With a look and feel that’s more or less identical to what Apple had going for it previously, the controls are basically the same. There’s no app, with just a settings screen on iOS that you can mess with, even letting Face ID on recent iPhones snap a shot of your ears to have it understand your head with personalised spatial audio.
Outside of the settings, though, the controls get one change: a little flat edge on the AirPods Pro stem that works as a touchpad volume controller. Swipe up to make the volume go up and down for volume down, with this touchpad being less finicky than other headphone touchpad controllers, though you may find yourself approaching with caution. It’s about small gestures to change the volume, and just helps make the controls easier overall.
That’s not the only control on the AirPods Pro, though; you can still squeeze the stem, which is itself a button of sorts. Squeeze quickly once to pause and play, squeeze twice quickly to go forward a track, and three times to go back one. You can also hold your squeeze to jump between cancellation modes, be it active noise cancellation, transparency, or just both off. Dealer’s choice.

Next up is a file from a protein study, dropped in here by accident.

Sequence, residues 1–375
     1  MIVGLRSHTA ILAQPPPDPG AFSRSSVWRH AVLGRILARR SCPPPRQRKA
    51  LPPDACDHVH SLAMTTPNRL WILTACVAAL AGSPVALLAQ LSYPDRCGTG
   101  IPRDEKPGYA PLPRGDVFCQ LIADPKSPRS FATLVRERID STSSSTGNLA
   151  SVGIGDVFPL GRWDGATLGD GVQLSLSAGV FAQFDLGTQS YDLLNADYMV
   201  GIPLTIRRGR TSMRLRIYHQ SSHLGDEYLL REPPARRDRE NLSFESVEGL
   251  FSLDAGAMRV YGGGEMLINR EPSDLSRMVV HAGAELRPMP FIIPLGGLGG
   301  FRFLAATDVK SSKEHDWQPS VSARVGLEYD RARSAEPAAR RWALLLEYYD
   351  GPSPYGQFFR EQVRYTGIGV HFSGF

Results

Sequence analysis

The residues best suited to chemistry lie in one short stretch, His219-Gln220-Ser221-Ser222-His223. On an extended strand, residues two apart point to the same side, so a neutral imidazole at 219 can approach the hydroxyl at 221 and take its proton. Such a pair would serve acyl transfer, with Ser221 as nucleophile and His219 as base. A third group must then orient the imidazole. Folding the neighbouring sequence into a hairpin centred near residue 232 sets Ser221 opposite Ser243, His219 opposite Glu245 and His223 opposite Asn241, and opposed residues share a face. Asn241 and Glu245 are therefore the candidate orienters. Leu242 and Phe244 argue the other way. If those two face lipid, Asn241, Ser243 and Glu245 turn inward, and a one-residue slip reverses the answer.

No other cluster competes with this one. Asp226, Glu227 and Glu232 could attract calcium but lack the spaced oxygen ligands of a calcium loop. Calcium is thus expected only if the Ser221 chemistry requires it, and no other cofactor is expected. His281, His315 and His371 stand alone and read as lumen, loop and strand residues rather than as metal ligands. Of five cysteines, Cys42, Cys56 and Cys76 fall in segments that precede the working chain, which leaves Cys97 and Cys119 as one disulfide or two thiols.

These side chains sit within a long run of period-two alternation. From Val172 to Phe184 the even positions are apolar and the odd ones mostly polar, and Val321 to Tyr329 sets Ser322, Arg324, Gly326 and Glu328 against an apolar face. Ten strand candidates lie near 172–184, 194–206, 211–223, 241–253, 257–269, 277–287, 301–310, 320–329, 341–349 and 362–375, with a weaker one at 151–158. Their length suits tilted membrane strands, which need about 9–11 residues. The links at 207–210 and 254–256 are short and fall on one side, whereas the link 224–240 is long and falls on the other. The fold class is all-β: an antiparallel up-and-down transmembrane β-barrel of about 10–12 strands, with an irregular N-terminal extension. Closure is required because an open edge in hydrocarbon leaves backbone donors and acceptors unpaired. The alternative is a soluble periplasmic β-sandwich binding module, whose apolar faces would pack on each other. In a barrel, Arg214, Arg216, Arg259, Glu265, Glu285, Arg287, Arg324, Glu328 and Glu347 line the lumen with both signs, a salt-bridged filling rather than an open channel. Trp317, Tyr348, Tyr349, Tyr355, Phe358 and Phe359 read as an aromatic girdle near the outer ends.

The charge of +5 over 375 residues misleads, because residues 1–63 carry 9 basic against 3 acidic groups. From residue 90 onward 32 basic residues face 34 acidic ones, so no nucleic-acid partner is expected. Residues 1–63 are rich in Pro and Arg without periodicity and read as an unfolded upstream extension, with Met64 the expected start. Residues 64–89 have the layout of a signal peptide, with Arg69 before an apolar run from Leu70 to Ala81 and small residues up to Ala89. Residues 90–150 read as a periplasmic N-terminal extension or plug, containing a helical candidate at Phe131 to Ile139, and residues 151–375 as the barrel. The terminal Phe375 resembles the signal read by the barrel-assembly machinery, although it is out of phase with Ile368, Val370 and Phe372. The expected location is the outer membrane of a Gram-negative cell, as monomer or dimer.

Throw them in your ears with the right ear tip, and you’ll find a pair that very much is still very much going to see you love them or hate them.
We’re fans of the in-earphone style of design these use, and less so of the EarPods look Apple uses for the AirPods 2, though the AirPods 3 did manage to improve things for us. In the second-gen AirPods Pro, Apple isn’t changing the wearable design much, so this is very much a case of finding a tip sized to your ear, fitting it (with a nice snap), and then trying them on. Four tips sizes in the box may make it easier to find a style that matches your head better, but there’s also a fit test on iOS that can help certify whether you’re using the right one or not.